BCFC – Gong Xi Fa Cai

Birmingham City embraced the culture of the club’s ownership this weekend with a celebration of the Chinese New Year at St Andrew’s, complete with “red pockets” given out to fans entering the stadium.

Birmingham City FC

While I think many would have preferred three points on the pitch to anything else, I don’t think it’s a bad thing for the club to indulge in a marketing giveaway that potentially helps fans connect with the “other side” of the business.

Red Pocket
Photo taken by Andrew Purcell

I’ve always been disappointed in the past that Blues never did much on this front.

Having been to a fair few of the CNY celebrations around the Chinese quarter of Birmingham it always surprised me that a club with HK/Chinese ownership wasn’t involved in previous years.

After all, the city of Birmingham has a sizeable Chinese community – surely it would be good to connect with that community to bring in more fans and more revenue for the club?

Of course, some have criticised the timing of the club’s push on everything Chinese, suggesting that they’d prefer actual communication from the board / owners rather than a quid off a pint of Fosters or a free chocolate bar.

Red Pocket BCFC
Taken by Dean Poyner

Some people on the Facebook page for this website also suggested that rather than Blues fans understanding their culture, it would be nice of the owners to understand Blues fans and their culture.

I can understand all of this. I wrote only last week that I thought fans should demand more from the club – so why shouldn’t fans point this out when we have these kind of marketing attempts?

One thing I noted is that despite people agreeing with my piece last week, and other people on forums and social media demanding communication from the board/owners, is that I don’t think many people have a complete idea of what communication they actually want from the owners.

That being said, I do understand this.

Communication is a fine balance. While some fans might want the owners to be more open and vocal about things, I only have to point to the vitriol various directors have received on Twitter to show why the board might not want to say much via that medium.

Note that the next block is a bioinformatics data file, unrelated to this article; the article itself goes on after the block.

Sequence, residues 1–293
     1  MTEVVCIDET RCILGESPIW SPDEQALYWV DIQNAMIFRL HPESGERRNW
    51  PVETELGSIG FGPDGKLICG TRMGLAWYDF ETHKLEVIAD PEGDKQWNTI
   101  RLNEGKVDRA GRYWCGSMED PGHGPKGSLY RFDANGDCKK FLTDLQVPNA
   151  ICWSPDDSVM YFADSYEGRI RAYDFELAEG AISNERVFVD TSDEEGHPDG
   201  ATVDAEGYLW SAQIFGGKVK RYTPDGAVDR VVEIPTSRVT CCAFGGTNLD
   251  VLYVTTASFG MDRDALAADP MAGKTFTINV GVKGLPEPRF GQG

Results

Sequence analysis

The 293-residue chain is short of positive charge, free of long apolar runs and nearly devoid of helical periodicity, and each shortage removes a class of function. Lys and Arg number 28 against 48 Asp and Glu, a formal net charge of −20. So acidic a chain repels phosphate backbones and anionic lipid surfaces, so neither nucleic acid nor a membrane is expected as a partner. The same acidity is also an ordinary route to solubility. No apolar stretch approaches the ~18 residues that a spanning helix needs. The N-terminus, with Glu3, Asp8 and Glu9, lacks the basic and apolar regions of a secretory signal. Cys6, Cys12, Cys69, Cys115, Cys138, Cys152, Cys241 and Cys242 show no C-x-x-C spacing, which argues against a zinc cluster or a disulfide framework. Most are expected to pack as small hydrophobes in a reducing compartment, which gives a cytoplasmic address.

Likewise, while some people (like me, for example) want to understand the long-term plans for the club, most people when asked on Facebook were happy with whatever the owners did as long “as the money kept coming” and “the money was clean”.

It seems that there is no actual consistency in what fans want to hear – just that there are fans who want to hear “something”.

After writing that piece last week I got asked by a fair few people on social media and on forums what fans could do to demand better from the club.

I’m going to be truthful here.

I know what I can do to demand better – but then again, I know pretty much what I want from the club and I have certain ideals for how football should be run. Those feelings and ideals may not be the same as others feelings and ideals though – and because of that, I can’t really advise people what to do.

New Year in any culture tends to be a time of reflection and of thinking what we want from the year ahead. It’s a time when many try to set themselves new goals and aims in life – and my single hope is that if people do want demand better, that they reflect on what they want and how to achieve it.

As our friends in China would say, “恭喜发财” – wishing you prosperity in the new year. Let’s hope the Year of the Dog is a prosperous one for Birmingham City Football Club.

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